'ɺmericans have not paid attention to the need to learn other languages as much as other people have,'' said Janet Nixon, a New York City etiquette consultant who has worked at American embassies around the world. 'ɺnd now we are paying the price. We are surrounded by people whom we do not understand and who do not understand us and, somehow, we all need to get along.''
Good language etiquette is one way. Interest in it is gaining popularity, especially among foreign business people in this country. The etiquette issue brings up some of Americans' most deeply rooted anxieties about language. The chief one: that someone is saying something about them in a language they do not understand and that it is not very nice.
In New York City, where nearly 3 million people claimed in the 1990 Census a native language that was not English, the potential for friction is everywhere, from the supermarket checkout line to the playground and even the elevator.
De Que Color Son Sus Shorts?
Consider the elevator. You are heading to the laundry room with your curious 2-year-old, who points to a woman in hot pink shorts and asks loudly, ''What color are her shorts, Mom?'' But in Spanish.
What to do? Answer the child in Spanish and the lady in pink may turn red? Attempt simultaneous translation for everybody? Or pretend you did not hear and hope the elevator gets to the basement soon?
It depends. To be polite, etiquette experts say, translate the child's question, answer it out loud and hope Hot Pants will chuckle. To be really nice, explain that your child is learning colors and, even more generous, throw in a comment about how you want him to be bilingual, which is why he is learning Spanish at home first. By the time you reach the basement, you should be exhausted.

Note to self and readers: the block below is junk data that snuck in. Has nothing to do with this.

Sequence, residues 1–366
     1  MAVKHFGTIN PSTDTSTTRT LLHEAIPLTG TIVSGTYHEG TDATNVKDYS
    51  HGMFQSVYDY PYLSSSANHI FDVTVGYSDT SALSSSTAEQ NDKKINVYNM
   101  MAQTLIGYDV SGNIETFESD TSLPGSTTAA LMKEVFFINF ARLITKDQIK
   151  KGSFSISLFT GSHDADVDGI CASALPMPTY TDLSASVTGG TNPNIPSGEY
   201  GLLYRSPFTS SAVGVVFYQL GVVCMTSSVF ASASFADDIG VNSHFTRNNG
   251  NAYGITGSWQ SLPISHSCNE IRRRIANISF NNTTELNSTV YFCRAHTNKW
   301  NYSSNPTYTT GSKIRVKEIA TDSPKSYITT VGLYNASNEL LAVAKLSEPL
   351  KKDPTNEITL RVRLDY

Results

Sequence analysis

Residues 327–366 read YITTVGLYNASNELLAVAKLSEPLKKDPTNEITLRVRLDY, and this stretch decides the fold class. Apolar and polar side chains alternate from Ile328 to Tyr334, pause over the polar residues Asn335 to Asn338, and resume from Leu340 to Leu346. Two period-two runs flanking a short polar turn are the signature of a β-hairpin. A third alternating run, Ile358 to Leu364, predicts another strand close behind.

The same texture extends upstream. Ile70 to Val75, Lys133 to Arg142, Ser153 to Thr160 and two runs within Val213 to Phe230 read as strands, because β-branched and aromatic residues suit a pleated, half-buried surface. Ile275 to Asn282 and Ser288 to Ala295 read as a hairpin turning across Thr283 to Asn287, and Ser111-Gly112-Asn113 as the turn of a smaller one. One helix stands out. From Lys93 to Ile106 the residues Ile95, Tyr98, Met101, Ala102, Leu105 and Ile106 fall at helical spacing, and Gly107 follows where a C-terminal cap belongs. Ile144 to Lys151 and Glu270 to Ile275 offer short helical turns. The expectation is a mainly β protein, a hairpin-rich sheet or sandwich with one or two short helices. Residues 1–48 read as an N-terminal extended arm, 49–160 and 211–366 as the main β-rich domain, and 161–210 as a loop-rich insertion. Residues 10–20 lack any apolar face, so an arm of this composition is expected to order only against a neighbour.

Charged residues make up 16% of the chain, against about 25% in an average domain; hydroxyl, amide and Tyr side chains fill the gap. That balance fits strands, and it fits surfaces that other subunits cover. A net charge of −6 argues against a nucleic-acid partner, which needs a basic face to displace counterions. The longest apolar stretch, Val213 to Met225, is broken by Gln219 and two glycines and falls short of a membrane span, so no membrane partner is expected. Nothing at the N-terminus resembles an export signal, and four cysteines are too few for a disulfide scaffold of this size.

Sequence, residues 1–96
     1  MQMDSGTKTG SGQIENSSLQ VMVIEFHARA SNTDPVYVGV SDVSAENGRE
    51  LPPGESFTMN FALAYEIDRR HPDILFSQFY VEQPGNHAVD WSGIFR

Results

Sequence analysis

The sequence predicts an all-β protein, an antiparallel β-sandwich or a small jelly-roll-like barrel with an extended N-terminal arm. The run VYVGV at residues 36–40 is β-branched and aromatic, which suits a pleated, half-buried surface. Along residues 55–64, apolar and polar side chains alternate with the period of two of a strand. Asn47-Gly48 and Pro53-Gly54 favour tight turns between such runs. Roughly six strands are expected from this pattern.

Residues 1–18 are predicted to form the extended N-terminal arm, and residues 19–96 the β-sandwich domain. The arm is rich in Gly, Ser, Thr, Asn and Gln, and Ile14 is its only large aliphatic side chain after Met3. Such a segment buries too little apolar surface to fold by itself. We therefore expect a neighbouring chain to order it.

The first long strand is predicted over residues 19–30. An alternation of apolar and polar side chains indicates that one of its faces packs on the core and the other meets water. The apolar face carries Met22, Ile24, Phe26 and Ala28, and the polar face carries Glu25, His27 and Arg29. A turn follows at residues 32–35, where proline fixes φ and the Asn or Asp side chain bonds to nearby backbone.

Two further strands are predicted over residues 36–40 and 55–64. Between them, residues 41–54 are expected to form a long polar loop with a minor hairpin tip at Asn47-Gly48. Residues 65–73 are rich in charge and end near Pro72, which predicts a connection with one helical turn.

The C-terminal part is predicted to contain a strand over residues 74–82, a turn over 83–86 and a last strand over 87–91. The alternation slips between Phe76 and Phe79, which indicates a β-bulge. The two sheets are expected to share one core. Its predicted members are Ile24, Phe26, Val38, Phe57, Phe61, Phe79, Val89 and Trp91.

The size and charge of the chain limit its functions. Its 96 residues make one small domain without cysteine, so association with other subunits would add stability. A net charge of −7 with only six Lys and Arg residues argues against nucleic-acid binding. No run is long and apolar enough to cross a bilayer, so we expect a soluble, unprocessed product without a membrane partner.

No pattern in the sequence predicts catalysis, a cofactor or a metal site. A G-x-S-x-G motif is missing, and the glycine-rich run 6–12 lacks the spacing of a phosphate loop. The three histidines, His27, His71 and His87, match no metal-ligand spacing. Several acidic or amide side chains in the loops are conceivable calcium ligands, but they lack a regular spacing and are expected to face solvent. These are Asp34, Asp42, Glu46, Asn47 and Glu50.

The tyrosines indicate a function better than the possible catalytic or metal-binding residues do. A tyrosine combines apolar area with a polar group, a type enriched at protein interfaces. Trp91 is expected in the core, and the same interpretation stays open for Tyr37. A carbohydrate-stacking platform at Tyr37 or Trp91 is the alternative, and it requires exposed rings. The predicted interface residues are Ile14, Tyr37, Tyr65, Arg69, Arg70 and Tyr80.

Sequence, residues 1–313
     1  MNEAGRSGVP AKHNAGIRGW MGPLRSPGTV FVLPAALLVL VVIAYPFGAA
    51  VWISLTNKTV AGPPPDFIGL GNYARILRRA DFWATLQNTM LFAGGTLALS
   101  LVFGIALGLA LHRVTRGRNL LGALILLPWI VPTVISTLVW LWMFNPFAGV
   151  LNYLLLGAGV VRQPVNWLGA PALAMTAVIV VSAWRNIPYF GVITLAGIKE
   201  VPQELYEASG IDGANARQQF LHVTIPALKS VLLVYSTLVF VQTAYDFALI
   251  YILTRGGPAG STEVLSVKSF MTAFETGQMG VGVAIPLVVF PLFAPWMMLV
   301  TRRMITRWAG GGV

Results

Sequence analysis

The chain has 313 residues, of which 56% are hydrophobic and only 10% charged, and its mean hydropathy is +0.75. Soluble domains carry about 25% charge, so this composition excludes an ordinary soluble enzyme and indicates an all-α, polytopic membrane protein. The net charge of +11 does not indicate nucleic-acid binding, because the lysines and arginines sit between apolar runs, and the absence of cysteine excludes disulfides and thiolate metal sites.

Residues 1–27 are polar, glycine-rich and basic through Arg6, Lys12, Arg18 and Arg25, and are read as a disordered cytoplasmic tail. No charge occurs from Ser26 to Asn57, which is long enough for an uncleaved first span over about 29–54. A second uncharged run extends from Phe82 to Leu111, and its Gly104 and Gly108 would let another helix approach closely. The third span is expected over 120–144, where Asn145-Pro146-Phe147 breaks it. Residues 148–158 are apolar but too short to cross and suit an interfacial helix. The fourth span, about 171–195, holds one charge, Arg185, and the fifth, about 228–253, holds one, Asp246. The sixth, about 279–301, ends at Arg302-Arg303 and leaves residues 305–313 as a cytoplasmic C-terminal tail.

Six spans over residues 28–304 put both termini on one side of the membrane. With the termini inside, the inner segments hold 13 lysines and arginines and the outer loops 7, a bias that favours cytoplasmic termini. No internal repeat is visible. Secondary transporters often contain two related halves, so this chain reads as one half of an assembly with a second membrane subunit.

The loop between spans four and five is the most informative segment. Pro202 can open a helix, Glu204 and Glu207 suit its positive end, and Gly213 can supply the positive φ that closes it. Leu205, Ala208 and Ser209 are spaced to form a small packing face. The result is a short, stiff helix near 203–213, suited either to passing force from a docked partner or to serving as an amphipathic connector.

Being polite is hard work.
''Nobody said it would be easier,'' said Lietty Pubillones, who runs the International Etiquette School of America in Coral Gables, Fla. '➾having well is never easy. But to get along, we must learn some basic dos and don'ts.''
Ms. Pubillones's advice: Try to speak the language of the country you are in. Be tolerant of those who cannot speak your language. Do not ask people where they are from the moment you hear an accent. Refrain from asking people with unusual names, ''What kind of a name is that?'' Offer to switch languages if it would make the other person more comfortable. Do not talk about others assuming they will not understand (especially in an international city like New York). But use your own language in a private conversation if you wish.
The etiquette gets more complicated, though, when language is used -- or people perceive its use -- as a secret code.
Not long ago, many first-generation Americans were encouraged by their immigrant parents to learn English even if that meant forgetting, or never learning, their parents' tongue. But while the children spoke English, their wily parents used the first language to keep things from them. That has changed somewhat as Americans have discovered the joys and economic benefits of bilingualism. Still, some Americans can't shake the feeling that a conversation in another language means that something sneaky is going on.
These days exercising a foreign tongue might get you fired. In Houston, a teacher in a bilingual education program was reprimanded by her supervisors for speaking Spanish with her assistant outside the classroom. In Brooklyn, two co-workers were fired for speaking Spanish on the street outside their office. The Equal Employment Opportunity Commission has filed a lawsuit against the women's former employer for violating Federal laws that prohibit discrimination on the basis of nationality.
But laws cannot govern daily behavior, etiquette experts say. Common sense and good manners can help bridge differences before the lawyers are called in.